I could not be happier to see the first week of fall. It is so wonderfully cool and clear. The gardens are looking spectacular in this lower light. One must look, of course, with a soft eye to avoid seeing weeds and dead flower stalks. The wild goldenrod I neglected to pull now looks like I planned it. Once again, I shall take credit for Mother Nature’s work.

One more plus in the fall season — I found a parking space twice this week.

Last week we dispatched our pigs. Son Reuben fired up the smoker with some hickory and tended a big slab of shoulder for several hours. I cooked it at 275 degrees for 12 hours in my enormous crock pot. Mackenzie, one of my workers, remarked, “This is so good I want to cry.” I made a giant stock from the smoky bones for the freezer. I am looking forward to a hearty soup some cold winter’s day.

I try to keep my criticisms anonymous concerning gardening practices. I cannot help but comment on the new plantings at the roundabout, though. First of all, holy overkill. Was it necessary to have that number of grasses in the center circle and triangles? I’m pretty sure we are paying for them. I was trying to figure out a ballpark amount but gave up — tens of thousands, no doubt.

Secondly, I hate the lioropi on the edge of the circle. I know it’s a big seller in the landscape architecture world. It’s green forever but the little purple flowers are below the foliage in the fall and it is confusing to cut back (or not) in the spring. Oh well. To each his own.

We had a touch of frost last week in Vineyard Haven. It was on the car in the early morning. My green beans (the third-almost ready planting) took a tiny hit. Some of the leaves were touched. I do not believe we’ve had a frost this early ever. I’ve had dahlias on the Thanksgiving table in the past. I was hoping for at least another six weeks.

I picked the first of my three watermelons. It could have used a few more days but some critter would have had at it if I took a chance. It was, nonetheless, delicious. It was a Sugar Baby, a small seeded non-hybrid about the size of a soccer ball. Remarkably, no insect pests attacked the vine this year.

It is difficult to know when they are ripe. Thumping them has never worked for me. I don’t know what I was listening for. I learned a trick from one of Ruth Stout’s writings. There are a couple of little curlicues between the vine and the melon — tendrils if you will. When they turn brown the melon is ready.

I have promised myself to get seedlings planted into the hoop house this weekend so that they have time to get up to size before real cold and low light. Right now I have peppers in the house which should produce a few weeks more than those outside. The plastic gives just enough added protection from chilly nights and a possible light freeze. I wish I had some Sungold tomatoes in there. Mine in the garden have seen better days.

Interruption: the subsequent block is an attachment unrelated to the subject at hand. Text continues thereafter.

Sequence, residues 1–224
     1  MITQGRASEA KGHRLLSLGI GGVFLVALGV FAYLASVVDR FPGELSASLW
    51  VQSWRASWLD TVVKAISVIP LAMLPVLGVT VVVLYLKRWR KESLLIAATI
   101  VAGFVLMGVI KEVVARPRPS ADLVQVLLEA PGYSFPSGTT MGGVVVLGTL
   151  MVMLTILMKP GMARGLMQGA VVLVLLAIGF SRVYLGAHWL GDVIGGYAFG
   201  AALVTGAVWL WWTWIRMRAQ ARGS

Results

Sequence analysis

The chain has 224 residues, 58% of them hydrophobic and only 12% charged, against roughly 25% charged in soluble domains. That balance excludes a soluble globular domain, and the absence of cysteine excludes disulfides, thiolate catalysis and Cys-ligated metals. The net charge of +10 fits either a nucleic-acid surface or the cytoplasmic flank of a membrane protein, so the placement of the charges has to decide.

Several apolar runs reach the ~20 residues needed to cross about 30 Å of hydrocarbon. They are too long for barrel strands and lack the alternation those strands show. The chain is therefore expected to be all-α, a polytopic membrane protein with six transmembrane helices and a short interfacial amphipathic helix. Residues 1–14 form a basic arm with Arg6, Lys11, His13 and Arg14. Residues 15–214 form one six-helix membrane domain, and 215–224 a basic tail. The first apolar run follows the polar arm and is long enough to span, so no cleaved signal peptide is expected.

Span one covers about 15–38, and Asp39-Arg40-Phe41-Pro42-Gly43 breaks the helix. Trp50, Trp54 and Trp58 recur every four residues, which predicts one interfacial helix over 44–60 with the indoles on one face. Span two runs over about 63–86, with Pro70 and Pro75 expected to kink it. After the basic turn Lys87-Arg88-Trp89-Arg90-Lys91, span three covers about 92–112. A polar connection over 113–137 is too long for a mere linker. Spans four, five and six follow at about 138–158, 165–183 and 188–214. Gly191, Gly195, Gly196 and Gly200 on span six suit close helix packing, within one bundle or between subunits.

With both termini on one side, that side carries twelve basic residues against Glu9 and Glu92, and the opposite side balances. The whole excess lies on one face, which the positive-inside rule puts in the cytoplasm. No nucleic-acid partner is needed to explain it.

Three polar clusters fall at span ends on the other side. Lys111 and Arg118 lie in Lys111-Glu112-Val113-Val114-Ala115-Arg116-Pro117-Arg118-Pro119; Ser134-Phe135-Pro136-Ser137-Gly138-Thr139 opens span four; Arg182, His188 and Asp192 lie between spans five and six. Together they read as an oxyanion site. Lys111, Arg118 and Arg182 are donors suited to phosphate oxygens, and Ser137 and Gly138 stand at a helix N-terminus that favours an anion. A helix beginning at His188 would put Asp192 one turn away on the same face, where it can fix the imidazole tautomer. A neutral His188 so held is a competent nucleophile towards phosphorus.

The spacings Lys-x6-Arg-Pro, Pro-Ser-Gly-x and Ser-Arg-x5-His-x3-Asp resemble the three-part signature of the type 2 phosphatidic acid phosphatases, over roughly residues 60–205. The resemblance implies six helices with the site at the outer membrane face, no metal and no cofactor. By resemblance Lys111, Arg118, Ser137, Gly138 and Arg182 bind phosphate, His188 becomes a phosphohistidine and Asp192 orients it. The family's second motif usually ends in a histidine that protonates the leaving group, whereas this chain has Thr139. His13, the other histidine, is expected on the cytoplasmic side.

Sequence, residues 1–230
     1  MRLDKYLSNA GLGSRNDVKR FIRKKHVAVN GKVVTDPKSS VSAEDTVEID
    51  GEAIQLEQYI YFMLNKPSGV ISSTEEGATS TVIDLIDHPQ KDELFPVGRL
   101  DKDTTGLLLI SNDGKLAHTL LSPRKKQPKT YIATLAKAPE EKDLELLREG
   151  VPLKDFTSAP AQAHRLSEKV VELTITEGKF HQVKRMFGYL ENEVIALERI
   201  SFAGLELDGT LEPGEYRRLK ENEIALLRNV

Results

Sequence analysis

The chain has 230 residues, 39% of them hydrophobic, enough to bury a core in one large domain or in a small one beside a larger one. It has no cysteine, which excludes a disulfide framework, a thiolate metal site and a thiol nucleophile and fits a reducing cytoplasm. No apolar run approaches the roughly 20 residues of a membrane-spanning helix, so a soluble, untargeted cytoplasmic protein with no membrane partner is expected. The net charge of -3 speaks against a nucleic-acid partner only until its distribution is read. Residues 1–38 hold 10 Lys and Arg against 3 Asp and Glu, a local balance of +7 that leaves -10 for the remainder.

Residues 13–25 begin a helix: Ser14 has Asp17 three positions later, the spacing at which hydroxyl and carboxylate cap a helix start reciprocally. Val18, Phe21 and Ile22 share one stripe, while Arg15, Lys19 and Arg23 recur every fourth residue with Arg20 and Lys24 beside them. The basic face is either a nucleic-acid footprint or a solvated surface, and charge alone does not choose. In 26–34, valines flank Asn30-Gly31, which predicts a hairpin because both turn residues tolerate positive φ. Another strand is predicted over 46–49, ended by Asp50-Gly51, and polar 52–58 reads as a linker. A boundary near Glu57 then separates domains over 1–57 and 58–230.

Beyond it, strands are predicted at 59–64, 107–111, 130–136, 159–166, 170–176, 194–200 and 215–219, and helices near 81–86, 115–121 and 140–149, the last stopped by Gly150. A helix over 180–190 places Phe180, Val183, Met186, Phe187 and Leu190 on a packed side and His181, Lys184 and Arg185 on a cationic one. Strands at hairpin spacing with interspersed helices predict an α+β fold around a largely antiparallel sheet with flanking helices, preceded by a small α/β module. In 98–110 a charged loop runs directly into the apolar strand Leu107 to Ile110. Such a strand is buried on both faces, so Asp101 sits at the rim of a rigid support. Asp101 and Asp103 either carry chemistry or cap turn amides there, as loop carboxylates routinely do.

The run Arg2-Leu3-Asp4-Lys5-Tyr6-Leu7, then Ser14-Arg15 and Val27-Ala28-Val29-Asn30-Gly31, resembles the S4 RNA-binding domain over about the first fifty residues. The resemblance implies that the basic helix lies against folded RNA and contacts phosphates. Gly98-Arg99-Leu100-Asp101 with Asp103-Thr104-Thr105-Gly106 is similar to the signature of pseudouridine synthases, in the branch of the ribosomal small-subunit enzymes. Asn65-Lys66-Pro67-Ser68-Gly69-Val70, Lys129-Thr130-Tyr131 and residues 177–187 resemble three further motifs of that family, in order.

Donald Kaul has a great article in Liberal Opinion entitled the Bully Party. He says “if our government were a card game, the American people would surely have realized by now that they are playing with a marked deck. The Republicans are cheating.”

In the 2012 elections, Democratic candidates won five per cent more votes than their Republican opponents overall. Republican state legislatures, mainly in former confederate and western states, have gerrymandered their congressional districts to make it impossible for Democrats to achieve House representation.

Still not enough, Speaker Boehner applies the Hasert Rule to avoid bills coming to the House floor without the support of the majority of the Republican caucus.

The 118 Tea Party members hold a virtual veto over the president, Senate, and even the majority of the House.

This latest shut-down-the-government-unless-you-defund-the-Affordable-Care-Act is just one more example of political bullying.

The Rand Pauls and Paul Ryans and other true believers refuse to acknowledge climate change, are dead-set against health care coverage for the uninsured, want no regulation of financial institutions, won’t support research, won’t support public works, nor do they respect public cultural institutions. They believe in cutting off food stamps for millions. Too bad they refuse to accept that the national debt has actually gone down. They want to shrink government until it truly fails. How will they then collect their bloated salaries — farm subsidies? I’m feeling particularly discouraged this week. Oh, for a moderate sensible Republican — a Nelson Rockefeller or Bill Scranton. We need both parties for a vibrant democracy. Have compromise and just plain getting along gone out of style?